NCERT panel recommends replacing ‘India’ with ‘Bharat’ in school textbooks


A high-level committee for social sciences, constituted by the National Council of Educational Research and Training (NCERT) to revise the school curriculum, has recommended replacing the name ‘India’ with ‘Bharat’ in textbooks and introducing ‘classical History’ instead of ancient History in the curriculum, said committee’s chairperson CI Issac on Wednesday.

Issac said the unanimous recommendation given by the seven-member committee of the has found mention in its final position paper on social sciences, which is a key prescriptive document for laying down the foundation for the development of new NCERT textbooks.

The Article 1(1) of the Constitution already states “India, that is Bharat, shall be a Union of States”.

Bharat is an age-old name. The use of the name Bharat finds its mention in ancient texts such as Vishnu Purana, which is 7,000 years old, said Issac.

“The term India started being used commonly only after the establishment of the East India Company and the battle of Plassey in 1757,” he said. Therefore, the committee has unanimously recommended that the name ‘Bharat’ should be used in textbooks for students across classes, said Issac.

The name Bharat first appeared officially after the government sent out G20 invites hosted by the President in the name of ‘President of Bharat’, instead of ‘President of India’.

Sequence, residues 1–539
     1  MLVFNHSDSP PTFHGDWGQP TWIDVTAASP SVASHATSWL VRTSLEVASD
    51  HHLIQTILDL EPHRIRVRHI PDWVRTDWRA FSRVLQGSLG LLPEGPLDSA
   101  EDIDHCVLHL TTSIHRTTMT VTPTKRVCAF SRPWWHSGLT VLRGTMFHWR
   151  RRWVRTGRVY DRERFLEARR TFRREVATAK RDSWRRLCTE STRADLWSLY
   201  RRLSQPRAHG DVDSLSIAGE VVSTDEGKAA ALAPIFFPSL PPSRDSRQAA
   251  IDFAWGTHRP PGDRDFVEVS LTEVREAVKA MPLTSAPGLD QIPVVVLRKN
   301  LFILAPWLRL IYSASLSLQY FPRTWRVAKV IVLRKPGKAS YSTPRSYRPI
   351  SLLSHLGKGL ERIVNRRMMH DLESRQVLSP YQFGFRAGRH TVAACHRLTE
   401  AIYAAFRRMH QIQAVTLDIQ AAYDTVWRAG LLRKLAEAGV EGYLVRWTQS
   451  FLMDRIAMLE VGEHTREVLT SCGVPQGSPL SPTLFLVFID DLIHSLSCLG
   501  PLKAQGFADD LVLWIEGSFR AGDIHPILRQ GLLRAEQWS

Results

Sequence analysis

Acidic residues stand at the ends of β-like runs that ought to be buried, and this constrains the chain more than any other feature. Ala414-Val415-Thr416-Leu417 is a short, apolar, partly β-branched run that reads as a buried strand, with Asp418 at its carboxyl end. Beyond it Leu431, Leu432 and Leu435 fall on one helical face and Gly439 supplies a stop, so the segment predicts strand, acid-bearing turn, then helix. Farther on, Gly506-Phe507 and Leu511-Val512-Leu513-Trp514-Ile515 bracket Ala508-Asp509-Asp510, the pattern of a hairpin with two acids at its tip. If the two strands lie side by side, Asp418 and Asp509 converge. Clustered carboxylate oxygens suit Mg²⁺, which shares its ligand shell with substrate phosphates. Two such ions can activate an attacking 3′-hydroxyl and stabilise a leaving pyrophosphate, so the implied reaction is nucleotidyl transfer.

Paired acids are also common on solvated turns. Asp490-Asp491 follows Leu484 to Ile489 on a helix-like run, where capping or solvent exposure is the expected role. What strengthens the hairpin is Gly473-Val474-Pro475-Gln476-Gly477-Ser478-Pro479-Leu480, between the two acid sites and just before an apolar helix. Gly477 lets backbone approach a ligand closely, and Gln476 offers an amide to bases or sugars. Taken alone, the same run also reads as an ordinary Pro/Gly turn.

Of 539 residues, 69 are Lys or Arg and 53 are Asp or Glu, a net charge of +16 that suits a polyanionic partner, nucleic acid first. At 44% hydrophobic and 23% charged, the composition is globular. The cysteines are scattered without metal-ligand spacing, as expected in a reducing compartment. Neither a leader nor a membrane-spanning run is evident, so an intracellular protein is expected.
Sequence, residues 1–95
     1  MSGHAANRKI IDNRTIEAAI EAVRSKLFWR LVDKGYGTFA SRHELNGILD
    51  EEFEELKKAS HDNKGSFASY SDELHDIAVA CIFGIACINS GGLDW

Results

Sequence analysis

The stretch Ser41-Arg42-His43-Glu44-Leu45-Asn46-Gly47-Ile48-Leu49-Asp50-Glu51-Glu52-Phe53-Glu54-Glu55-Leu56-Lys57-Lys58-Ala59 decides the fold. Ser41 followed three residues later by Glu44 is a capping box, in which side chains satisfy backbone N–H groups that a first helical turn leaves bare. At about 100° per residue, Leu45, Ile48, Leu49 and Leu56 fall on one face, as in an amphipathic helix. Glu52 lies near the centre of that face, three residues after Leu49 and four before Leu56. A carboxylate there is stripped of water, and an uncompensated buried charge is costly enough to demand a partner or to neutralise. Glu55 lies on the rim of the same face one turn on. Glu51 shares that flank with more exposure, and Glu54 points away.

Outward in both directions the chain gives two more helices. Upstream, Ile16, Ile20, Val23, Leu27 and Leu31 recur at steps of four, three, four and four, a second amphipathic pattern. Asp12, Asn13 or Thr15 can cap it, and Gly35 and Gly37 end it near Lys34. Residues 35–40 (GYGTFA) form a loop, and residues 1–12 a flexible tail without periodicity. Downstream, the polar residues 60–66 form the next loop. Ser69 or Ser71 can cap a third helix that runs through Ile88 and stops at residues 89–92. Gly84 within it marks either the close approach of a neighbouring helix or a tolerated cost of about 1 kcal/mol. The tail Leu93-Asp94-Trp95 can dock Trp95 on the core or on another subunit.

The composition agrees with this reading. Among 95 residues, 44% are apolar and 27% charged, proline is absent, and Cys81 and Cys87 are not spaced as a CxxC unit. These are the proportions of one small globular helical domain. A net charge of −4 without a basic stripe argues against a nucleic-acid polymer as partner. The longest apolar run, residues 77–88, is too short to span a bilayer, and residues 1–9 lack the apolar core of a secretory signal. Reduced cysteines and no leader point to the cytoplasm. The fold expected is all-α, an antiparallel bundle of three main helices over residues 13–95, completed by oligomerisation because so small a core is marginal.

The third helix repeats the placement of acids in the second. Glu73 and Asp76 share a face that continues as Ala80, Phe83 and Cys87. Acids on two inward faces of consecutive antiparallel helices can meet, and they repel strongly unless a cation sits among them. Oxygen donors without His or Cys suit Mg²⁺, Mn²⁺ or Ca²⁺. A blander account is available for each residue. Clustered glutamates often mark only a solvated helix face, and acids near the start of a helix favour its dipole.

Later, the nameplate of Prime Minister Narendra Modi during the Summit in New Delhi also read ‘Bharat’ instead of India.

Issac further said that the committee, which is one of the 25 committees formed by the NCERT in 2021 to prepare position papers on various subjects and themes, has further recommended introducing ‘classical history’ instead of ‘ancient history’ in the textbooks.

He said that the British divided Indian history into three phases – ancient, medieval and modern showing India in darkness, unaware of scientific knowledge and progress. However, many examples of India’s achievements in that age include Aryabhatta’s work on the solar system model, he said.

“Therefore, we have suggested that the classical period of Indian History be taught in schools along with medieval and modern periods,” Issac said.

He said that the committee has also recommended highlighting “Hindu victories” in the textbooks.

“Our failures are presently mentioned in the textbooks. But our victories over the Mughals and Sultans are not,” said Issac, who is also a member of the Indian Council of Historical Research (ICHR).

Besides, the committee has also recommended the introduction of the Indian Knowledge System (IKS) in the curriculum of all subjects.

The NCERT is revising the curriculum of the school textbooks in line with the National Education Policy (NEP) 2020. The council has recently constituted a 19-member National Syllabus and Teaching Learning Material Committee (NSTC) to finalise the curriculum, textbooks and learning material for these classes.

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